Coherent CSR

  • Ivan HilliardEmail author


This final chapter begins by assessing the growth of CSR in the past twenty years and trying to understand why it has been so ineffective in terms of the objectives it set itself. One of the arguments presented is the need (currently lacking) for the field of CSR to acknowledge its limited strategic impact to date. A second argument presented deals with organizational bias, whereby decision-making becomes locked-into certain parameters and results are valued above processes. It finishes by outlining a series of pitfalls to avoid for any organization serious about adapting a coherent approach to social responsibility.


Decision-making bias Results bias Coherency pitfalls 


  1. Banerjee, S. B. (2008). Corporate social responsibility: The good, the bad and the ugly. Critical Sociology, 34(1), 51–79.CrossRefGoogle Scholar
  2. Bowen, H. R. (1953). Social responsibilities of the businessman. New York, NY: Harper. Google Scholar
  3. Cassidy, D. (2003). Maximizing shareholder value: The risks to employees, customers and the community. Corporate Governance: The International Journal of Business in Society, 3(2), 32–37.CrossRefGoogle Scholar
  4. Choi, T. Y., Dooley, K. J., & Rungtusanatham, M. (2001). Supply networks and complex adaptive systems: control versus emergence. Journal of Operations Management, 19(3), 351–366.Google Scholar
  5. Coffey, B. S., & Fryxell, G. E. (1991). Institutional ownership of stock and dimensions of corporate social performance: An empirical examination. Journal of Business Ethics, 10(6), 437–444.CrossRefGoogle Scholar
  6. Dobers, P., & Springett, D. (2010). Corporate social responsibility: Discourse, narratives and communication. Corporate Social Responsibility and Environmental Management, 17(2), 63–69.CrossRefGoogle Scholar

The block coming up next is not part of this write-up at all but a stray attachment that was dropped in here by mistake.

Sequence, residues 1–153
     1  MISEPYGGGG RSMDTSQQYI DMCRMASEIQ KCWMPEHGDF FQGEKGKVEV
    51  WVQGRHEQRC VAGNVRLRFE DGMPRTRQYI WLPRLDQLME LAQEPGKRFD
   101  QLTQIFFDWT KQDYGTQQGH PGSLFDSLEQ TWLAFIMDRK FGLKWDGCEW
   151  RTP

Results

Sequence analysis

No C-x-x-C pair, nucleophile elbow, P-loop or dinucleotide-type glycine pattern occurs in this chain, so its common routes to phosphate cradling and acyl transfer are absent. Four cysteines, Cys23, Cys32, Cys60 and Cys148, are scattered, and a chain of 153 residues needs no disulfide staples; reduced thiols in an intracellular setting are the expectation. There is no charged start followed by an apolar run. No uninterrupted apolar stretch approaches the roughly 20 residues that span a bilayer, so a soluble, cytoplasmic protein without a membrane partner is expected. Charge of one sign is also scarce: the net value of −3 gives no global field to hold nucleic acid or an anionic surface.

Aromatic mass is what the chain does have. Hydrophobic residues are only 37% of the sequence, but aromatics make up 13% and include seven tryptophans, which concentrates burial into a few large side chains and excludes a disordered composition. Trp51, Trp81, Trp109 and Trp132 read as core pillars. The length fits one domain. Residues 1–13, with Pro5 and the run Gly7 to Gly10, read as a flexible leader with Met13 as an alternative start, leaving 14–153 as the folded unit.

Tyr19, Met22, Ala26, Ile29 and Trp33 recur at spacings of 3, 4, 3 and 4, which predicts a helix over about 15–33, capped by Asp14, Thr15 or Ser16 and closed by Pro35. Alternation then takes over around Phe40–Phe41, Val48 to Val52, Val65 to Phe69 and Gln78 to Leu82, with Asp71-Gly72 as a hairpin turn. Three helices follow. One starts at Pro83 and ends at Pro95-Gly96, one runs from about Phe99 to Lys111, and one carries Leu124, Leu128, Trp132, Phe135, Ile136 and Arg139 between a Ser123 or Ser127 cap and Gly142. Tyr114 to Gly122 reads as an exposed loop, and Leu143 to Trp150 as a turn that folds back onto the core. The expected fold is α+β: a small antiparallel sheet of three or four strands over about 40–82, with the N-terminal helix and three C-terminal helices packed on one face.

7. Dooley, K. J. (1997). A complex adaptive systems model of organization change. Nonlinear Dynamics, Psychology, and Life Sciences, 1(1), 69–97.CrossRefGoogle Scholar
  8. Draper, S. (2006). Key models for delivering sector-level corporate responsibility. Corporate Governance: The International Journal of Business in Society, 6(4), 409–419.CrossRefGoogle Scholar
  9. Drucker, P. F. (1998). Management’s new paradigms. Forbes Magazine, 10(2), 98–99.Google Scholar
  10. Dyllick, T., & Hockerts, K. (2002). Beyond the business case for corporate sustainability. Business Strategy and the Environment, 11(2), 130–141.CrossRefGoogle Scholar
  11. Ellinger, A. D., Ellinger, A. E., Yang, B., & Howton, S. W. (2002). The relationship between the learning organization concept and firms’ financial performance: An empirical assessment. Human Resource Development Quarterly, 13(1), 5–22.CrossRefGoogle Scholar
  12. European Commission. (2011). A renewed EU strategy 2011–14 for corporate social responsibility. COM 2011/681. Brussels, European Commisson. Google Scholar
  13. Frederick, W. C. (1960). The growing concern over business responsibility. California Management Review, 2(4), 54–61.CrossRefGoogle Scholar
  14. Garriga, E., & Melé, D. (2004). Corporate social responsibility theories: Mapping the territory. Journal of Business Ethics, 53(1–2), 51–71.CrossRefGoogle Scholar
  15. Gong, Y., & Ho, K. C. (2018). Does corporate social responsibility matter for corporate stability? Evidence from China. Quality & Quantity, 52, 2291–2319. Google Scholar
  16. Halal, W. E. et al. (2001). The collaborative enterprise: A stakeholder model uniting profitability and responsibility. Journal of Corporate Citizenship.Google Scholar